Augustine MR, Nelson KM, Fihn SD, Wong ES. How are patients accessing primary care within the patient-centered medical home? results from the Veterans Health Administration. J Ambul Care Manage. 2018;41(3):194–203.CrossRefPubMedPubMedCentralGoogle Scholar
  53. 53.
    Huang G, Kim S, Gasper J, Xu Y, Bosworth T, May L. 2016 Survey of Veteran Enrollees’ Health and Use of Health Care. Rockville, MD; 2017:1–207.Google Scholar
  54. 54.
    Prentice JC, Davies ML, Pizer SD. Which outpatient wait-time measures are related to patient satisfaction? Am J Med Qual. 2014;29(3):227–235.CrossRefPubMedPubMedCentralGoogle Scholar
  55. 55.
    Prentice JC, Fincke BG, Miller DR, Pizer SD. Outpatient wait time and diabetes care quality improvement. Am J Manag Care. 2011;17(2):e43-e54.PubMedPubMedCentralGoogle Scholar
  56. 56.
    Kangovi S, Barg FK, Carter T, Long JA, Shannon R, Grande D. Understanding why patients of low socioeconomic status prefer hospitals over ambulatory care. Health Affairs. 2013;32(7):1196–1203.CrossRefPubMedPubMedCentralGoogle Scholar
  57. 57.
    Berkowitz SA, Meigs JB, DeWalt D, et al. Material need insecurities, control of diabetes mellitus, and use of health care resources: results of the Measuring Economic Insecurity in Diabetes study. JAMA Intern Med. 2015;175(2):257–265.CrossRefPubMedPubMedCentralGoogle Scholar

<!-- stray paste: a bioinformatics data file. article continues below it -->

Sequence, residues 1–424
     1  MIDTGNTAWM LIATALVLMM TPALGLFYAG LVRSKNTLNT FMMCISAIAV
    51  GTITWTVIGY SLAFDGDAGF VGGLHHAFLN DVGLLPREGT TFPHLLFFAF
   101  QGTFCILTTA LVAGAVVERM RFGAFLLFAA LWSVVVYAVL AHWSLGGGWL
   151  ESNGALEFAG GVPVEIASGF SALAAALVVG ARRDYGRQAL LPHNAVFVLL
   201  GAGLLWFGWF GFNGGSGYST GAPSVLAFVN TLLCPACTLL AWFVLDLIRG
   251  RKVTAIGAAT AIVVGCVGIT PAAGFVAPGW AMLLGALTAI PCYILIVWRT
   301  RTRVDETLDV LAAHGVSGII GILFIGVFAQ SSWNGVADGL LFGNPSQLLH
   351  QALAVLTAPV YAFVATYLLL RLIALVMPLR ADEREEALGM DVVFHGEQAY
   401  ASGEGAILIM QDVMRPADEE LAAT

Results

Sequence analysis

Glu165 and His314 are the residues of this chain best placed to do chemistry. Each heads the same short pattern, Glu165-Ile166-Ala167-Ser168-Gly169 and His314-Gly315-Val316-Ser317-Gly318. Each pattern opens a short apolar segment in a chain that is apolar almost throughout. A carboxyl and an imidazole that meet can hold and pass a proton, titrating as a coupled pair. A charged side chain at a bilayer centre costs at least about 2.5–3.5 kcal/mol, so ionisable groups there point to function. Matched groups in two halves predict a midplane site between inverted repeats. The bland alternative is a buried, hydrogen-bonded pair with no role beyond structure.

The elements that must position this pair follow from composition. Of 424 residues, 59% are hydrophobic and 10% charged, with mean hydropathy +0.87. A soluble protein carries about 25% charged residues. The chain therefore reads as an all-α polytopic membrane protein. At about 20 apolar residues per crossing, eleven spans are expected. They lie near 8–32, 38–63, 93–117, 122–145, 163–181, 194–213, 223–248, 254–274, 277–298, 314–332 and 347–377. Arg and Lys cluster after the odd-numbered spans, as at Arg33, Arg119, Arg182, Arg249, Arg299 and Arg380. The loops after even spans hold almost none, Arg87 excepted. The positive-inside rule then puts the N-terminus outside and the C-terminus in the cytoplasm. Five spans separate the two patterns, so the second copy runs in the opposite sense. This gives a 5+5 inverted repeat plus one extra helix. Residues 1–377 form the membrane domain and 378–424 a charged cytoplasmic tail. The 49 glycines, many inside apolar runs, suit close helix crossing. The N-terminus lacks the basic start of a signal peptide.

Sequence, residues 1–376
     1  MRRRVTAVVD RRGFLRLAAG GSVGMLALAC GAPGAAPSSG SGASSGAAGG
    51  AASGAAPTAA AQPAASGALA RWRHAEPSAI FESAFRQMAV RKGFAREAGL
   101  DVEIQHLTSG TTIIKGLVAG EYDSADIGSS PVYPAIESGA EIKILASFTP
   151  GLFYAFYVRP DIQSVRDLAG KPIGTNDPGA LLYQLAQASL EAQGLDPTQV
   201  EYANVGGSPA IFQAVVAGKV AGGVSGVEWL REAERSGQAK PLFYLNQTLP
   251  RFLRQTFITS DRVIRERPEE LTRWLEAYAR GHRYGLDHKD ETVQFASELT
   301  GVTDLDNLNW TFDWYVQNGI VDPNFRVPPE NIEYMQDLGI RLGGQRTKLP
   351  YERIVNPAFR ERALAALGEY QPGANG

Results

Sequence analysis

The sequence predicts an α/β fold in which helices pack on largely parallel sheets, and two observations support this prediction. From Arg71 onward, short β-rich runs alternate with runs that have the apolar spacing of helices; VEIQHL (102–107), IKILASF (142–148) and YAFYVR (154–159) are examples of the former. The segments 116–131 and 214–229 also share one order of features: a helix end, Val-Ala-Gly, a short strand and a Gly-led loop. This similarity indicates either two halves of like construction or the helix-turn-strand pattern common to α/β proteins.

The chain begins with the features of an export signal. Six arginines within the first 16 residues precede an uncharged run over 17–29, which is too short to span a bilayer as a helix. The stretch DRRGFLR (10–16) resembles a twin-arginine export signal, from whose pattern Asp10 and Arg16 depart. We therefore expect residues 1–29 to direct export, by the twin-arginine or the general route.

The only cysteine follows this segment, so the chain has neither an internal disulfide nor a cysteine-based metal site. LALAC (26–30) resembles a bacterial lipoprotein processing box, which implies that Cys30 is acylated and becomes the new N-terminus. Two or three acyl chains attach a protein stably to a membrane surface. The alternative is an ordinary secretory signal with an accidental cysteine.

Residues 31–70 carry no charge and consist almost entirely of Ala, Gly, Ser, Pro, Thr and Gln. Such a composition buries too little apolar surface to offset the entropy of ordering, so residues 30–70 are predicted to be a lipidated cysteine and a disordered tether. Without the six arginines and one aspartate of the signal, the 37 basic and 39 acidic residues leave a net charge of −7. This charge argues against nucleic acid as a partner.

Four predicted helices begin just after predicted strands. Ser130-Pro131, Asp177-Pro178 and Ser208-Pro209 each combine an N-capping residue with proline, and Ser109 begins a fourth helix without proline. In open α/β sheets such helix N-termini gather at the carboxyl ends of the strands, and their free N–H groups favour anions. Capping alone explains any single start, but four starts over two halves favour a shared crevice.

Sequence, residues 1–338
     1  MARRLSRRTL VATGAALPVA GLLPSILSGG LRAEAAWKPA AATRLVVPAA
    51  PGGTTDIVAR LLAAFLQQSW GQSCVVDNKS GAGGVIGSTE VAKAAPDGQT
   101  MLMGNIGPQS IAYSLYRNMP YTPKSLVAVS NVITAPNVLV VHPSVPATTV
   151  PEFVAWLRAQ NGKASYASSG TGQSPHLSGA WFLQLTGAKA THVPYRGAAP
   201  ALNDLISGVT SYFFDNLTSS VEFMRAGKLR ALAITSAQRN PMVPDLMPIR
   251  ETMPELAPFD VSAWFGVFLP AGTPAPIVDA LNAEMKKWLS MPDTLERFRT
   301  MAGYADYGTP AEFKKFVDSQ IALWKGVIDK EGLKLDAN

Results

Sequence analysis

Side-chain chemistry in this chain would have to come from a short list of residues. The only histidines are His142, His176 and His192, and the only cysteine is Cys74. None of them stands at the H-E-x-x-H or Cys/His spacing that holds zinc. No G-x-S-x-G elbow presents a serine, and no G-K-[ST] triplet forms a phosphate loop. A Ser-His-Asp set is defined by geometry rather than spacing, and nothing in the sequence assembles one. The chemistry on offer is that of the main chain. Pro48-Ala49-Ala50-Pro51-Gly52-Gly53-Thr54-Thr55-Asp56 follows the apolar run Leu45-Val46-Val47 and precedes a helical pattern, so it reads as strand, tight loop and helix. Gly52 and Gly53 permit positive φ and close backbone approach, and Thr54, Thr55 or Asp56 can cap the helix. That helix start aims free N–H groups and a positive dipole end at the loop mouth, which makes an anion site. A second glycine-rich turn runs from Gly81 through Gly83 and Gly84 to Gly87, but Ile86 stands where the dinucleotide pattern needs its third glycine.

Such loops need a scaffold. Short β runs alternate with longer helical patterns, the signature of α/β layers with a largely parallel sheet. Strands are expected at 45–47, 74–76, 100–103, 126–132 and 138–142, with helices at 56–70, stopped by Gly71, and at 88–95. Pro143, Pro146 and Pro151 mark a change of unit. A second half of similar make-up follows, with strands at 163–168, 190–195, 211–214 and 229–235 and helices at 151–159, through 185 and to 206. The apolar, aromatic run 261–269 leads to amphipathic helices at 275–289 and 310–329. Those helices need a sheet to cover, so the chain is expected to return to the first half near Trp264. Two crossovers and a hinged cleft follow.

58. 58.
    Lowe RA, Localio AR, Schwarz DF, et al. Association between primary care practice characteristics and emergency department use in a medicaid managed care organization. Med Care. 2005;43(8):792–800.CrossRefPubMedPubMedCentralGoogle Scholar
  59. 59.
    Sherman BW, Gibson TB, Lynch WD, Addy C. Health care use and spending patterns vary by wage level in employer-sponsored plans. Health Affairs. 2017;36(2):250–257.CrossRefPubMedPubMedCentralGoogle Scholar
  60. 60.
    Cowling TE, Harris M, Majeed A. Extended opening hours and patient experience of general practice in England: multilevel regression analysis of a national patient survey. BMJ Qual Saf. 2017;26(5):360–371.PubMedPubMedCentralGoogle Scholar
  61. 61.
    O’Malley AS. After-hours access to primary care practices linked with lower emergency department use and less unmet medical need. Health Affairs. 2013;32(1):175–183.CrossRefPubMedPubMedCentralGoogle Scholar
  62. 62.
    Campbell JL, Fletcher E, Britten N, et al. Telephone triage for management of same-day consultation requests in general practice (the ESTEEM trial): a cluster-randomised controlled trial and cost-consequence analysis. Lancet. 2014;384(9957):1859–1868.CrossRefPubMedPubMedCentralGoogle Scholar
  63. 63.
    Campbell JL, Fletcher E, Britten N, et al. The clinical effectiveness and cost-effectiveness of telephone triage for managing same-day consultation requests in general practice: a cluster randomised controlled trial comparing general practitioner-led and nurse-led management systems with usual care (the ESTEEM trial). Health Technol Assess. 2015;19(13):1–212–vii–viii.PubMedPubMedCentralGoogle Scholar